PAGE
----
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Django Sessions – Setting up User Sessions with Django

Django Sessions

In this article, we’re talking about Django sessions. Sessions behave and provide us with similar results as with using cookies. But saving cookies on the client-side can lead to security threats. Hence to make the process more secure, we use sessions. This is exactly what we will learn in this article – How to secure our websites from unsafe cookies using Django sessions!!

What are Django Sessions?

As we know from the Django cookies article, we can use cookies saved on the client-side, to store various useful data for the Web Apps. 

But storing information related to Web App on the client-side can lead to so many security issues and hence is not a good idea to save on the client’s side. Some of the possible threats are:

  1. Hackers can modify the cookie data and send them to harm our website potentially.
  2. We can’t store sensitive data like user passwords etc. in cookies.
  3. We can only store a limited amount of data in cookies. Most of the browsers don’t allow more than 4kb of data.

To tackle all these issues, we use sessions, which is a mechanism to store the cookies on the server-side itself. Therefore all the data are stored in the server as a DB Table, and the client-side cookie just has the session ID for identification.

Hence with sessions, we can save sensitive data, and with sessions, we can deal with the no cookie policy of the Client browsers as well.

The Django has a session framework pre-built in its framework. Let us now know about it.

How to Set Up Django sessions?

The session attribute is present as a dictionary in the request data. Hence the syntax we use to call a session is:

request.session.(#other_commands)

1) Setting up sessions

Setting up a session means that we:

  1. create a session
  2. then send the session ID as a cookie to the client.

The syntax to set session is:

request.session['session_name'] = 'session_value'

2) Accessing sessions

To get back the session information, we call the get session attribute. Which then performs the following task:

  1. Receives a cookie from the client
  2. reads the cookie for the session ID
  3. Retrieves the session data using the Session ID

The syntax to get session is:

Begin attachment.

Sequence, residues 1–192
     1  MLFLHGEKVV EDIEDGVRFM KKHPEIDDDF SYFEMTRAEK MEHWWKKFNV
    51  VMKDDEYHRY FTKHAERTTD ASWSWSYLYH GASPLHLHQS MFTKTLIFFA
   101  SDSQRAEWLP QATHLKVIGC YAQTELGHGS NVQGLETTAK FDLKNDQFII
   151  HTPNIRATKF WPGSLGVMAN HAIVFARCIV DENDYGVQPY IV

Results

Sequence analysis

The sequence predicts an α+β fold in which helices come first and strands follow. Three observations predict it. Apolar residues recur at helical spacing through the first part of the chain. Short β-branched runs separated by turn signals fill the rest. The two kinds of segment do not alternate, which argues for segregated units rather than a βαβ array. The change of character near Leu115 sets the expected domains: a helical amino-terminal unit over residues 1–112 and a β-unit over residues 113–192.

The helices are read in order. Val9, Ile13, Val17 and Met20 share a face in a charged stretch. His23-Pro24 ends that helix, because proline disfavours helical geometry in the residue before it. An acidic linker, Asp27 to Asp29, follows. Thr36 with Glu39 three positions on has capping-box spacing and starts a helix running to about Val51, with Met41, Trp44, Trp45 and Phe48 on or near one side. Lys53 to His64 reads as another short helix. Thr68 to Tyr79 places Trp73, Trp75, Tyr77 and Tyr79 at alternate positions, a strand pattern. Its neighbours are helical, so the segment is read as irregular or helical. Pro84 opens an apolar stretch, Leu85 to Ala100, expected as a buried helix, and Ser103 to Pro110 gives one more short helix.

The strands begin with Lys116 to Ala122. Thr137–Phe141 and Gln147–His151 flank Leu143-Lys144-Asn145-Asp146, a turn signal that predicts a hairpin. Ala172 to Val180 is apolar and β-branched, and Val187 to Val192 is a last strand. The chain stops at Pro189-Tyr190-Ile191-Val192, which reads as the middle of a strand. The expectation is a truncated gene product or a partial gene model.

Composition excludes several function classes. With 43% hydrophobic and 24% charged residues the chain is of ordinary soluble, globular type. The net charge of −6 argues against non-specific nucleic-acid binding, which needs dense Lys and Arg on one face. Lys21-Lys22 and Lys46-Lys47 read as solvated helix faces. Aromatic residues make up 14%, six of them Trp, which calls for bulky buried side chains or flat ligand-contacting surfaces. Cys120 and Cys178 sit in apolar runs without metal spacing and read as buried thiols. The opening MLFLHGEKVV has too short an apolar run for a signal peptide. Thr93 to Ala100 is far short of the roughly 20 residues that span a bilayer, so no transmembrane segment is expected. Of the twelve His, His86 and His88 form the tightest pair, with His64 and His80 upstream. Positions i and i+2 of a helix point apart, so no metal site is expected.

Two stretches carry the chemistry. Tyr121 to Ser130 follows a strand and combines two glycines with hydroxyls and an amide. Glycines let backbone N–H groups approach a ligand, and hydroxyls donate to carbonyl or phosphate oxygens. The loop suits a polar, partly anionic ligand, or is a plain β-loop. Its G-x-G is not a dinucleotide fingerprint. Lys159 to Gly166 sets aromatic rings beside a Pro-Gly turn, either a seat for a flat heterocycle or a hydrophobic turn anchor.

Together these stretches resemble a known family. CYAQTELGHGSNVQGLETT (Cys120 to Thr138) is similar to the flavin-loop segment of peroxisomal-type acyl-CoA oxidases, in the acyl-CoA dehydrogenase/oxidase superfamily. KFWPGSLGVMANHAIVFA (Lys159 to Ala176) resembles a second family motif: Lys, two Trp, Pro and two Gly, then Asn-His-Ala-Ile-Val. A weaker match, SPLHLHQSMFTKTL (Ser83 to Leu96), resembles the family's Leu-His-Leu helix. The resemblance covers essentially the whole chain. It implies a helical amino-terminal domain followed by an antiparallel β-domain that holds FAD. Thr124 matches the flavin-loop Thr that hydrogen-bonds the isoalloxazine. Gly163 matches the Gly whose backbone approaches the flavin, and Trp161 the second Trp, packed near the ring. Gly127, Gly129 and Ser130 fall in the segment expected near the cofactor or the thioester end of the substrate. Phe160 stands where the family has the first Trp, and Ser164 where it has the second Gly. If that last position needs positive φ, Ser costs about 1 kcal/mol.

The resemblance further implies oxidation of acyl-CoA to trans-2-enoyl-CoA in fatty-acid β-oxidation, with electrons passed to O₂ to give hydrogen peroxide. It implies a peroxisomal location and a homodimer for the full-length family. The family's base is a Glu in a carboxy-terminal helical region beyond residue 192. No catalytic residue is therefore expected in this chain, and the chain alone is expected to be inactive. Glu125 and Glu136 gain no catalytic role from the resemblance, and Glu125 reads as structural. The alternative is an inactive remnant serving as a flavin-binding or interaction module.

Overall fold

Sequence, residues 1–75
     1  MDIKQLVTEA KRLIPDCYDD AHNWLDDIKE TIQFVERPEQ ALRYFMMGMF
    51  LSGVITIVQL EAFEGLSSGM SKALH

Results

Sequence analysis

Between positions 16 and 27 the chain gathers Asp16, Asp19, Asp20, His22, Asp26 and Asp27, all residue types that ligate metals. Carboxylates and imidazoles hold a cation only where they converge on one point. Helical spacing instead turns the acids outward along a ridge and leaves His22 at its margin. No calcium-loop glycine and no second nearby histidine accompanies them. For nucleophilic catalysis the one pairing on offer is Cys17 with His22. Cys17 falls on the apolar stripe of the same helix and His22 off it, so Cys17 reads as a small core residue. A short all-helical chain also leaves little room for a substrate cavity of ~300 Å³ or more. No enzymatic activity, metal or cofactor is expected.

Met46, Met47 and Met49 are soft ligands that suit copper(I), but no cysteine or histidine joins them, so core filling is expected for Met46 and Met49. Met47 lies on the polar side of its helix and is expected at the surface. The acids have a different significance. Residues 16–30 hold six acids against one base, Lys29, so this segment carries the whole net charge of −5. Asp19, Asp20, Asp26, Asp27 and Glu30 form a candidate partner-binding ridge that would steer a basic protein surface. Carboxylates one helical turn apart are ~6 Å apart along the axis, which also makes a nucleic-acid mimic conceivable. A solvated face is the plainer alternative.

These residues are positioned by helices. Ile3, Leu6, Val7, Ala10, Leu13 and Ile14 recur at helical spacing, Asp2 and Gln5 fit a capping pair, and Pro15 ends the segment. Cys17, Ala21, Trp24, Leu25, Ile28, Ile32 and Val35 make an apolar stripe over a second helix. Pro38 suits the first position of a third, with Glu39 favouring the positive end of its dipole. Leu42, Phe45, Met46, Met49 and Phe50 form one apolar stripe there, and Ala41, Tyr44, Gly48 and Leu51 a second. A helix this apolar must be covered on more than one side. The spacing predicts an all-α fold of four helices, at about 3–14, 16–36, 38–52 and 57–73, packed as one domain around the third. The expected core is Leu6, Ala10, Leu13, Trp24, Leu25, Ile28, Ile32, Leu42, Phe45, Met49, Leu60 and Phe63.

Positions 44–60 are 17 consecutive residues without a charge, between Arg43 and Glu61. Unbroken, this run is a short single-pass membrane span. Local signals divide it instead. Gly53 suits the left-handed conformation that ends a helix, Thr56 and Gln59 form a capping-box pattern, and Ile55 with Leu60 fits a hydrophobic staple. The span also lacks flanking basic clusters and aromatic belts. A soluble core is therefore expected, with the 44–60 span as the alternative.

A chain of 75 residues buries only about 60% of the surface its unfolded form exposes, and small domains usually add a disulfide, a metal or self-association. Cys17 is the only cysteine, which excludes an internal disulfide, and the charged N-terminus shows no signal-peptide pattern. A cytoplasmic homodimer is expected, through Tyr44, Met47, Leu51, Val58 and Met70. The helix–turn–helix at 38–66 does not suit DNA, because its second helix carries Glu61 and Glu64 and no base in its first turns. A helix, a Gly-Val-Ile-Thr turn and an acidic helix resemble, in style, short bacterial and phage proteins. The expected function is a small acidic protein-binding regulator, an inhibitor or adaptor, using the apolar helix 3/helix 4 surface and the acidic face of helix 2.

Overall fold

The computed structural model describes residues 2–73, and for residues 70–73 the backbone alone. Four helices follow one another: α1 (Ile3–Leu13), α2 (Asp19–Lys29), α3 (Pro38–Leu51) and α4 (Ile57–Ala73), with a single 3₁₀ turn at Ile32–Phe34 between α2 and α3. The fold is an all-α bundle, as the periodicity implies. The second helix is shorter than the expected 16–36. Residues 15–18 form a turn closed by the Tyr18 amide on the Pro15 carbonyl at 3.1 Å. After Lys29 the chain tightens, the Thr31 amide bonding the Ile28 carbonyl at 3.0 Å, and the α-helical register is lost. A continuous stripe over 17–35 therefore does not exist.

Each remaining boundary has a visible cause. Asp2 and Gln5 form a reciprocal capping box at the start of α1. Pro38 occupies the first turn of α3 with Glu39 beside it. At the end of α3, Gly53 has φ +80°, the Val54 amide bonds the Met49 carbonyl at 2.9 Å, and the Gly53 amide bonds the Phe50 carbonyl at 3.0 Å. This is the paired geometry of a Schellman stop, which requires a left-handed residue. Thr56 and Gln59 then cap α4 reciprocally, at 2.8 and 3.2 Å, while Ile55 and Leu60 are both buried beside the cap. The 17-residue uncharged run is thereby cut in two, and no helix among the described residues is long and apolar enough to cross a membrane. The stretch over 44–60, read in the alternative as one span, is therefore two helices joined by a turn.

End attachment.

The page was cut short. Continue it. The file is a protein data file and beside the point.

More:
#method1
session_value = request.session.get('session_name') 

#method2
session_value = request.session['session_name']

3) Other Session attributes

Apart from this, there are certain other session functions as well. Some of them are given below:

  • set_expiry(value): Sets the expiration time for the session.
  • clear)_expired(): Removes the expired sessions
  • get_expiry_age(): Returns the number of seconds left untill the session expires
  • get_expiry_date(): Returns the expiry date of the session

Enough with the reading part right!! Let us now get our hands dirty in it.

Hands-on with Django Sessions

We will now build a simple web application that sets the session using one View and then gets back the session using another.

1) Coding the SetSession View

Add the following SetSession View in the views.py

def SetSession(request):
    request.session['book_name'] = 'Sherlock Holmes'
    return HttpResponse('The Session has been successfully set')

The URL path of the view will be:

path('setsession/',SetSession),

2) Coding the GetSession View

Now below the SetSession, add the following GetSession View in the views.py

def GetSession(request):
    book_name = request.session.get('book_name')
    return HttpResponse(f'The Book Name is: {book_name}')

The URL path of the view will be:

path('getsession/',GetSession),

Implementation of the Code

Now that we’ve discussed the individual Views required, Here is the combined script (including both the above section codes) for the Views.py

Simply add the below code in your views.py along with the URL maps and we are good to go:

from django.shortcuts import HttpResponse

def SetSession(request):
    request.session['book_name'] = 'Sherlock Holmes'
    return HttpResponse('The Session has been successfully set')

def GetSession(request):
    book_name = request.session.get('book_name')
    return HttpResponse(f'The Book Name is: {book_name}')

The final urls.py file will look like:

from django.contrib import admin
from django.urls import path
from .views import SetSession, GetSession
 
urlpatterns = [
    path('setsession/',SetSession),
    path('getsession/',GetSession),
]

That’s it, let us now fire up the server and go to 127.0.0.1:8000/setsession/

Set Session
Set Session

We have set the session successfully.

Let us now get it back through the 127.0.0.1:8000/getsession/ endpoint.

Get Session
Get Session

That’s it !! see how simple it is to use the sessions.

Conclusion

That’s it, guys !! That was all about Django sessions and how you can use them in your projects. Do check out the Django Cookies article for information about Cookie handling.

See you in the next article!! Till then, keep coding!!